My brother is getting ready to study the same major, and a GeForce 7600GT works fine for the hobby stuff he does. I really don't think the Quadro is optimized for texture-mapping, as opposed to CAD-style bare-wireframe work, but maybe they're all so fast nowadays that it doesn't matter unless you're rendering a movie.

    I dunno; it's your call. In your position, I would spec a couple of comparable machines, leaving out extras like the webcam, and see what price I can get. If you can't beat what they're offering, you might as well get it. Just make sure when you're shopping around, start with machines labeled "portable workstation" or something similar; they have better motherboards than normal laptops.
     
  5. CodeX

    CodeX Guest

    I cannot believe a graphics design school would recommend a laptop for 3D rendering/animation whatsoever...
     
  6. 5Gen_Prelude

    5Gen_Prelude There might not be an "I" in the word "Team", but

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    Once again, Deus is steering someone wrong.

    Maya has very specific qualifications:

    http://download.autodesk.com/us/qualcharts/2010/maya2010_qualifiedworkstations_win.pdf

    Stick with the recommendations. I can tell you that the last thing you want to do is spend money on something that isn't recommended by the software manufacturer. It's not that it WON'T work, it's that it might not work and in that situation, the last thing you want to be doing is having any conversation regarding bugs with the manufacturer because they'll be less than helpful once they realize you're not using spec'd laptops.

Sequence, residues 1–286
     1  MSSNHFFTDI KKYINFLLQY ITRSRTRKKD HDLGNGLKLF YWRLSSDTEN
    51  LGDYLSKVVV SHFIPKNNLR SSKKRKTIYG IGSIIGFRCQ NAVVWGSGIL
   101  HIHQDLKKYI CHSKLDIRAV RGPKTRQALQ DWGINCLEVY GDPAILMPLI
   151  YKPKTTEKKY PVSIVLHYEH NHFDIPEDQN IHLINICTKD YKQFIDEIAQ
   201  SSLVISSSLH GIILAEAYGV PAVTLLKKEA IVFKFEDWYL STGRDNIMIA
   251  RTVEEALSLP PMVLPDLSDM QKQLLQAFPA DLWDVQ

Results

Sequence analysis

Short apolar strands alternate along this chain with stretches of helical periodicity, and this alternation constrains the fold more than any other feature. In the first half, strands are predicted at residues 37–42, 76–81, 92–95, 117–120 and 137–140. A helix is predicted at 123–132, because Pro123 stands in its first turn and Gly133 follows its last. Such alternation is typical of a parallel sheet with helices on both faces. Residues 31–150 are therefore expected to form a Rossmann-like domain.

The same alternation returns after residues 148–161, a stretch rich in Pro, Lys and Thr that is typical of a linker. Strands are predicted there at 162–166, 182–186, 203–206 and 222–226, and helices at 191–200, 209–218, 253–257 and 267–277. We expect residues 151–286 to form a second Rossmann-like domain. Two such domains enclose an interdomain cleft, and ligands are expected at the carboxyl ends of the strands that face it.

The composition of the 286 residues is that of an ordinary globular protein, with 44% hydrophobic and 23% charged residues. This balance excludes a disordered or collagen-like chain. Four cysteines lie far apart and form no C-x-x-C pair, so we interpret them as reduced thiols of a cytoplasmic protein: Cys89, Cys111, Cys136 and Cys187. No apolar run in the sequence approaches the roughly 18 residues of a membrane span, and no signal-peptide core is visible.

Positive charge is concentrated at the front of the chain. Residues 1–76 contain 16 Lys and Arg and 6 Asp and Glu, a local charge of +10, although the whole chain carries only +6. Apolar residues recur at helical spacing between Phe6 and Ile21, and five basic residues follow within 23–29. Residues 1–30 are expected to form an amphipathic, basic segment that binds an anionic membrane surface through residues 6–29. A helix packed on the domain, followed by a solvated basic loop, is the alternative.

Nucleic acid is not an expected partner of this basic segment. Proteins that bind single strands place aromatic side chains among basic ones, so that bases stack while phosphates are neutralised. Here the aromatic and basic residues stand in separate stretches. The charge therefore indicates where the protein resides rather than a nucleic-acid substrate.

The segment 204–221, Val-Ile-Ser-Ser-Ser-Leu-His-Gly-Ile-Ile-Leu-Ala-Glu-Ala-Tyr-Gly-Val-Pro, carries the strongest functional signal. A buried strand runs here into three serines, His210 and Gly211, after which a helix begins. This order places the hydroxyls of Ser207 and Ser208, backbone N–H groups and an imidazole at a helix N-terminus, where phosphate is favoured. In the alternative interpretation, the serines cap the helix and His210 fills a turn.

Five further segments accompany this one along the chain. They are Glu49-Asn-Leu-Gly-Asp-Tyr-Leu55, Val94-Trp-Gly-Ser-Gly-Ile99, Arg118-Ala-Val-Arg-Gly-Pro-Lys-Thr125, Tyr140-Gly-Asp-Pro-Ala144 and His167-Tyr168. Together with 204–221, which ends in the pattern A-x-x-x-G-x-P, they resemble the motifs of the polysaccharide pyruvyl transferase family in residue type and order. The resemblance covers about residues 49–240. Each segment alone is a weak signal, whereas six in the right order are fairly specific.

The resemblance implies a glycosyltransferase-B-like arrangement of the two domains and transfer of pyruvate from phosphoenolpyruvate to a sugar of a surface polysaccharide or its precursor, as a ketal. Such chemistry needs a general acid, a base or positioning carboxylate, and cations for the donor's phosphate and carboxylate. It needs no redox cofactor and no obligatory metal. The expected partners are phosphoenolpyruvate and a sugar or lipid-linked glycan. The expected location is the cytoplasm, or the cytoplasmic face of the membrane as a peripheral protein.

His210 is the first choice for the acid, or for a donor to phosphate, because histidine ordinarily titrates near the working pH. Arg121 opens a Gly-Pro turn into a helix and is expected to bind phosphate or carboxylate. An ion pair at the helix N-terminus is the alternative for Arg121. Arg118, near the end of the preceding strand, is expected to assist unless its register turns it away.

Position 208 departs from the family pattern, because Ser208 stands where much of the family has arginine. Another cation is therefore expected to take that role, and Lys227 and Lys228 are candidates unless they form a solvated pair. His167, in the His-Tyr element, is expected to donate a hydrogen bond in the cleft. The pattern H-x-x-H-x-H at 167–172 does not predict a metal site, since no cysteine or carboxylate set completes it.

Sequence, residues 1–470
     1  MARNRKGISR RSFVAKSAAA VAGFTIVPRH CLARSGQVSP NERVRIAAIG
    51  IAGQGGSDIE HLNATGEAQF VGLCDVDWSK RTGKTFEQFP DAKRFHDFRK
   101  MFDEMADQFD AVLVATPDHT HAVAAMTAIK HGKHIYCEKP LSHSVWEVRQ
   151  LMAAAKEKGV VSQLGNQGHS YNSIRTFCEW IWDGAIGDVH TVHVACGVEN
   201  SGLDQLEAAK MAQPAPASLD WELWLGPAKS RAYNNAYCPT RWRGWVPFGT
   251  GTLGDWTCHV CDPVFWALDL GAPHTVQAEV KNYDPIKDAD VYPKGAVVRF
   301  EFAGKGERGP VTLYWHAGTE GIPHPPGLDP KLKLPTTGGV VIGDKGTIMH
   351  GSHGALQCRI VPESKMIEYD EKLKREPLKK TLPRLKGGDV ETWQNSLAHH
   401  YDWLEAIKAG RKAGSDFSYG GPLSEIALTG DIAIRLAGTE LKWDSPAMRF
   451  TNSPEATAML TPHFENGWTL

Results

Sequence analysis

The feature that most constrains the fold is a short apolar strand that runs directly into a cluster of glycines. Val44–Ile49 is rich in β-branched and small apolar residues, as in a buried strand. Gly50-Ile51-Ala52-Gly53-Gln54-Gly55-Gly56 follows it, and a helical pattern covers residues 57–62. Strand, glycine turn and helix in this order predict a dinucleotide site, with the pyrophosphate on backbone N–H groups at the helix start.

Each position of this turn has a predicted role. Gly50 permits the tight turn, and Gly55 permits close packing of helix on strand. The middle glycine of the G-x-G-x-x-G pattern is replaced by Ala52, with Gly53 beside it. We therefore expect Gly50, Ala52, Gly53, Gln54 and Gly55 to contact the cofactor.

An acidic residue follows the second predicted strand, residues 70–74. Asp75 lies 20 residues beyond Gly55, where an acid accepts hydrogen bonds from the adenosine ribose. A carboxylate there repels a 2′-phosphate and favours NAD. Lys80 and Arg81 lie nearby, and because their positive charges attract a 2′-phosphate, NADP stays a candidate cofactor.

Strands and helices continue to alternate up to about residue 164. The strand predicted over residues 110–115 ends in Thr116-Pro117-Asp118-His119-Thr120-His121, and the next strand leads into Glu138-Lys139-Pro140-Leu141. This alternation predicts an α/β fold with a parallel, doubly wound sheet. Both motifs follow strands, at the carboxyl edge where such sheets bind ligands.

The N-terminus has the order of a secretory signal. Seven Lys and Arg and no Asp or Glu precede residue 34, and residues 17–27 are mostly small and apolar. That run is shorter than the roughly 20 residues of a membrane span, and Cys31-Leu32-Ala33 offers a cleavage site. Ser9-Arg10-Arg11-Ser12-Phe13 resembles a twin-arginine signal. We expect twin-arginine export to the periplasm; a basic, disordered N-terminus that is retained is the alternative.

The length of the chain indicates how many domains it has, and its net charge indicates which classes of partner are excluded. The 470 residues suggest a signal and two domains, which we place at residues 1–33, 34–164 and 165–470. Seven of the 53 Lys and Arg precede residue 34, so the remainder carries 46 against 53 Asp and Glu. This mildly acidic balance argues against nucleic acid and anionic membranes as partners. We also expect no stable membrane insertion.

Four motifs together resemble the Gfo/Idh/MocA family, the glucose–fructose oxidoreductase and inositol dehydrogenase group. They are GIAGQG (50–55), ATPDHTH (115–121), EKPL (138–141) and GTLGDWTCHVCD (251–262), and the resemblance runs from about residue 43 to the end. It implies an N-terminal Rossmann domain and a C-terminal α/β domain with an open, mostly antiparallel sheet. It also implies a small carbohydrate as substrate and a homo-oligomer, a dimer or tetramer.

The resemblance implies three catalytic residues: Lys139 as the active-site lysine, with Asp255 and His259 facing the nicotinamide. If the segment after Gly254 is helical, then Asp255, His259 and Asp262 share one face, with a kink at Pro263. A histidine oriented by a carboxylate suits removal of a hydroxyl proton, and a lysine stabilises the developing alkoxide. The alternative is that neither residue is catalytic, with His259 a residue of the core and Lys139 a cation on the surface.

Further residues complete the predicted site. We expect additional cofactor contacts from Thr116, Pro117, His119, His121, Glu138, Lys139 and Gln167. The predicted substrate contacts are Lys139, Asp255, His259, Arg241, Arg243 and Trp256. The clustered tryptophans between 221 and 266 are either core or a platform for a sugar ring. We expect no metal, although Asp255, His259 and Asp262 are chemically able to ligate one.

7. XR250rdr

    XR250rdr OT Supporter

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    :werd:

    Other 3D design software is the same way. It may work fine on non-approved hardware, but its not worth the gamble.

    I wonder about the laptop recommendation too. I would lean more towards a nice workstation with plenty of screen real estate unless you will be needing the computer in class regularly.